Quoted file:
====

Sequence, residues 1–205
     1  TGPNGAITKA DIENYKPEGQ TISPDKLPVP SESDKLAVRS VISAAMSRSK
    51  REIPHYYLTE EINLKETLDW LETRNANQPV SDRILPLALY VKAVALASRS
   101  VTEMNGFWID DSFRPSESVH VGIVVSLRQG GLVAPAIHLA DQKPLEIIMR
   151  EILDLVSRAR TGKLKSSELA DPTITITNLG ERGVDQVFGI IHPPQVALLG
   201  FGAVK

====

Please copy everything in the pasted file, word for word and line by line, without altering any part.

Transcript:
Sequence, residues 1–205
     1  TGPNGAITKA DIENYKPEGQ TISPDKLPVP SESDKLAVRS VISAAMSRSK
    51  REIPHYYLTE EINLKETLDW LETRNANQPV SDRILPLALY VKAVALASRS
   101  VTEMNGFWID DSFRPSESVH VGIVVSLRQG GLVAPAIHLA DQKPLEIIMR
   151  EILDLVSRAR TGKLKSSELA DPTITITNLG ERGVDQVFGI IHPPQVALLG
   201  FGAVK